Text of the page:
Texas mom says Southwest Airlines kicked her off flight after 'screaming' autistic son, 3, refused to wear mask
HOUSTON, TEXAS: A Texas mom said her family was kicked off a Southwest Airlines flight on August 10 because her three-year-old autistic son refused to wear a face mask.
Alyssa Sadler, of Deer Park, said the incident unfolded this past Monday, August 10, while she was trying to get back home from Midland, Texas, with her son and a one-year-old daughter, according to ABC13. She said they initially had no problems and that the flight was about to take off when a crew member came by and told them that the plane would have to return to the gate because her son was refusing to wear a face mask.
"We're getting close to the runway," she said. "They're going over the security safety features and all that, and the flight attendant walks by and tells me that he has to put a mask on. So, I try to put the mask on him." "He was screaming," she recalled to Click2Houston. "He was throwing a fit. He was screaming no, no, no."
Sadler revealed that the three-year-old suffers from a sensory processing disorder and doesn't like it when his face is touched. She said she even had a note from his doctor about his condition but that it did not make any difference to the airline's staff.
"So the captain went back to the front, then he went over the loudspeaker and said that he had a non-compliant passenger that refused to wear a mask and follow the policies so they were heading back to the gate," she said. "We had to head back to the gate. They have an escort take us back to the plane to get all of our luggage off the plane, and then they proceeded to write up my 3-year-old for noncompliance to their policy."
While the airline's website states that children under the age of two are exempt from wearing masks, it also clarifies that anyone above that age will not be allowed to travel on their flights without face covering even if they have notes from doctors exempting them from doing so.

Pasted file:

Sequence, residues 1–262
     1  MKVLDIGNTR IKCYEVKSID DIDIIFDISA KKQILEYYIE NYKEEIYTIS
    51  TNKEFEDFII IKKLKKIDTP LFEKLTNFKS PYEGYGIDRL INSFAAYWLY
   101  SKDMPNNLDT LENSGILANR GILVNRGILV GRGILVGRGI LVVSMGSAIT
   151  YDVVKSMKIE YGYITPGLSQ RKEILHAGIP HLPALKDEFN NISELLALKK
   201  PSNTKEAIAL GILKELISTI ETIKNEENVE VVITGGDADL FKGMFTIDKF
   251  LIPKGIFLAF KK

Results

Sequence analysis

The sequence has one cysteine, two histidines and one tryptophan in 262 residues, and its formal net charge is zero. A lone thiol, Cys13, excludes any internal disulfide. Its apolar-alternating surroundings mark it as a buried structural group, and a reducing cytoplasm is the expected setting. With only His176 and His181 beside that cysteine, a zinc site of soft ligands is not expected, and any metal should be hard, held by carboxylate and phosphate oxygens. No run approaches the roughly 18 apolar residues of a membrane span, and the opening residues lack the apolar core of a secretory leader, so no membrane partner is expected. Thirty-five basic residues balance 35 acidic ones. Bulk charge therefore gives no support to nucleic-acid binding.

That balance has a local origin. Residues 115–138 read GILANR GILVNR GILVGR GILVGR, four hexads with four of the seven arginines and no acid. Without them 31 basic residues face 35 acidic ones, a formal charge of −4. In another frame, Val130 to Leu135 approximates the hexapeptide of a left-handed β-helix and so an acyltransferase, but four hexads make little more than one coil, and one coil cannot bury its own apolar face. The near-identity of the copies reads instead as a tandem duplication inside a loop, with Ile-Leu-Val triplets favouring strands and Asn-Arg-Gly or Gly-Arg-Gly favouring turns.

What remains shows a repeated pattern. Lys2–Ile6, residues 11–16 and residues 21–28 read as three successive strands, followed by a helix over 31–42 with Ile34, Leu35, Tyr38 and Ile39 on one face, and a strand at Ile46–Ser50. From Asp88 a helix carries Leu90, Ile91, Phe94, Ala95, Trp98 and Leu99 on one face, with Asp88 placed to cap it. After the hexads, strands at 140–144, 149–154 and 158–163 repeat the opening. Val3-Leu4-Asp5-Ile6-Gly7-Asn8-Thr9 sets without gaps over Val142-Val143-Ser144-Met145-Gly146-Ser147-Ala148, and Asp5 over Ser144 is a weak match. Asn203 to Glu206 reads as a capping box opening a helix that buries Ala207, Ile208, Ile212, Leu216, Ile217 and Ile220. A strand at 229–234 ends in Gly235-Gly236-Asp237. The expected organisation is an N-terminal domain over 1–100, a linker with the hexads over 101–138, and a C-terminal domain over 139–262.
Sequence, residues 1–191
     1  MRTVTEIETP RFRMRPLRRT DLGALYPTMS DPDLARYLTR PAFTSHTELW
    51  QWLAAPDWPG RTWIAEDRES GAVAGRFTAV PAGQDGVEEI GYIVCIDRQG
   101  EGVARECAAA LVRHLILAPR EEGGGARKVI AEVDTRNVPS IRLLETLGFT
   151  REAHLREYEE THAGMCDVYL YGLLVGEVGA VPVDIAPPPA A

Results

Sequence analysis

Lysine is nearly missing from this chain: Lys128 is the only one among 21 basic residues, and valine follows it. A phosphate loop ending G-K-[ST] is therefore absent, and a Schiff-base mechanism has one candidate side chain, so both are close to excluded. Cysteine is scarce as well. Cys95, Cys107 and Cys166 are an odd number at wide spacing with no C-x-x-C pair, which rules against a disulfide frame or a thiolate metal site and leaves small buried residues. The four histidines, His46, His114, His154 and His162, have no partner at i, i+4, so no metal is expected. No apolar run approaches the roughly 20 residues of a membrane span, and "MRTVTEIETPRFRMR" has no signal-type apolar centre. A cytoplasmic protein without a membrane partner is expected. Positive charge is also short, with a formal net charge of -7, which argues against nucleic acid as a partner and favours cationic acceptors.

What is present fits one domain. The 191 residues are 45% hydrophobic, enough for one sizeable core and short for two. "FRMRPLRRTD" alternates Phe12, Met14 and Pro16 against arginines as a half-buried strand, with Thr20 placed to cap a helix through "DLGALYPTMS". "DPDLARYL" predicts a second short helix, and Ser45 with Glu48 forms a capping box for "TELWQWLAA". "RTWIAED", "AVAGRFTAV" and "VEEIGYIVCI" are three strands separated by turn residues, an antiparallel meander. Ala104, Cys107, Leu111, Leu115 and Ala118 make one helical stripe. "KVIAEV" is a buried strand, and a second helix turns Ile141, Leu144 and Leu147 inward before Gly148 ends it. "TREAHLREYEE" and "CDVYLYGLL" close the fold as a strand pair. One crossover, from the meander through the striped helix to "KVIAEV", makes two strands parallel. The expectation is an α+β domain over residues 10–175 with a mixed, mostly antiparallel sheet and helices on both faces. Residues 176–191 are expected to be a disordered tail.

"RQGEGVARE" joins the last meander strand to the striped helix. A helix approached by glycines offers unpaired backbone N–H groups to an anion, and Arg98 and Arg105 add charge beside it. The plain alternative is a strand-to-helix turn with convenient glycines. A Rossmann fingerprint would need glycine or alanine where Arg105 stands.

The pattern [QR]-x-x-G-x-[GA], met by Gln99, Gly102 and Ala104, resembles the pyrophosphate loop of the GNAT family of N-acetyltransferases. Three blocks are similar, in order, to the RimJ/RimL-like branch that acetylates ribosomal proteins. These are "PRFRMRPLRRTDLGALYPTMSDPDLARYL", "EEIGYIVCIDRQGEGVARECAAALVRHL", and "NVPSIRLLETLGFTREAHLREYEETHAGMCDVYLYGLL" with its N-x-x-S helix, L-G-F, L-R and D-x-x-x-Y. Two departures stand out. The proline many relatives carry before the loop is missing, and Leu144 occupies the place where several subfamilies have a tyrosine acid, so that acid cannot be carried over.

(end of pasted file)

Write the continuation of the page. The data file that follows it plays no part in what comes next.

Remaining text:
"If a Customer is unable to wear a face covering for any reason (even a verifiable medical condition), we regret that we are unable to transport the Customer at this time, due to safety risk of asymptomatic COVID-19 transmission by Customers without face coverings," the airlines said.
"In other words, because of public health guidance recognizing the important role of face coverings in preventing the transmission of COVID-19, Southwest will temporarily refuse to transport any passenger who is unable to wear a mask even if the Customer has a verifiable medical condition that prevents them from wearing a mask," they added.
In a statement addressing the incident, the airline said that all their customers were informed about their policy at multiple touchpoints, including during booking, in a pre-trip email sent prior to departure, and during a required acknowledgment that's part of the Customer Health Declaration Form which appears during the online check-in process on the Southwest app, Southwest.com, and Southwest's mobile website.
Sadler claimed she was not aware of this policy and that she had no issues with her son not wearing a mask on their Southwest Airlines flight last week. She insisted she was all for masks but that exceptions should be made.
"I wear my mask everywhere I go. It's not an issue, but you've got to have some kind of exemption, especially for people with disabilities, [and] kids with disabilities," she said. I mean, no 3-year-old, who is autistic and has sensory processing disorder, is going to put anything on their face. He's supposed to wear glasses. I can't even get him to wear his glasses to help him see. He just doesn't understand. He doesn't like things touching his face, so he's not going to put a mask on."